It probably works OK if you are shipwrecked and eventually wash-up on an un-populated island and don’t have to ask anyone for permission to land there. But in the new Cloud-based, blended resource extrastructure (no longer infrastructure for obvious reasons) you may find yourself without a proper passport or means of valid entry, especially if your organization (or even family in some instances) has put stuff out there and neglected to let you know how to authenticate. Your cookies may still get you there, but once you land there may be issues logging in or accessing resources that you need.
Too many analogies? Hopefully not.
The issues continue to remain access, security and privacy-based and are also driven by productivity and the demand for instant information that is now expected. Patience is gone.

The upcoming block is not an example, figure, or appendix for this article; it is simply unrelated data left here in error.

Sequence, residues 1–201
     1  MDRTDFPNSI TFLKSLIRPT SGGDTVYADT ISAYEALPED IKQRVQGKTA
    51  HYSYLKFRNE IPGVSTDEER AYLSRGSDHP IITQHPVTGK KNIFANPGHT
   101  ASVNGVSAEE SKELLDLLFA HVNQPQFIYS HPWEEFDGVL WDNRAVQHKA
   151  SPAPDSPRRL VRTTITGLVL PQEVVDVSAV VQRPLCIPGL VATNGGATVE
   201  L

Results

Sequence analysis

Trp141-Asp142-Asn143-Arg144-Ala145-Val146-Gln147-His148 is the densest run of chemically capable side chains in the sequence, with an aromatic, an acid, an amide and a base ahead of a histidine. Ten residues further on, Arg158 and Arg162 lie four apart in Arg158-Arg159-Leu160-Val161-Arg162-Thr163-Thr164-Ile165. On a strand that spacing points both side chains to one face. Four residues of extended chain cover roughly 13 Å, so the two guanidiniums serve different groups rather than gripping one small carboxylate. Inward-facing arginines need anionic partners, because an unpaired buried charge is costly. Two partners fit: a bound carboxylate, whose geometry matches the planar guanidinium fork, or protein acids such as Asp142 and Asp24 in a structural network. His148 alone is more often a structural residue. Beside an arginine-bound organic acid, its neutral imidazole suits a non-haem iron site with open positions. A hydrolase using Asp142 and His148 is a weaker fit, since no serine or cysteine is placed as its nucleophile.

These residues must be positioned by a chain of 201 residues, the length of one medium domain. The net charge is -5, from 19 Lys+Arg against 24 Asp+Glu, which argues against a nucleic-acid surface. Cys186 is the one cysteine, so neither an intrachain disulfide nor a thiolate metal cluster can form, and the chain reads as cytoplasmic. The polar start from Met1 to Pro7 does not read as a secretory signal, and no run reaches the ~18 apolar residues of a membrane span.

Single factor authentication can be helpful, but the means employed by management system can also pose problems for anyone not physically located in the building or campus unless the coverage is 24×7 and accessibility immediate.
And on the home and family front, whoever is responsible for protecting the “jewels”, so to speak, will need to communicate any access changes in the cloud storage system that all the iPads, iPhones, and laptops are pointed to. Or if you don’t want the hassle, you just continue to add storage – and pay dearly for it – with your iCloud account at Apple. Some of us may not be well enough healed to pay so much to keep all our vacation snapshots or wedding pictures stored there forever at $10 per month per TeraByte. Thats $120 per year for 100 iPhone photos, My point being that more than one family member might want to exert some control over access to and maintenance of the islands of data that live outside your family’s personal devices.
Thanks to Katharine Volpe and Hay Market Media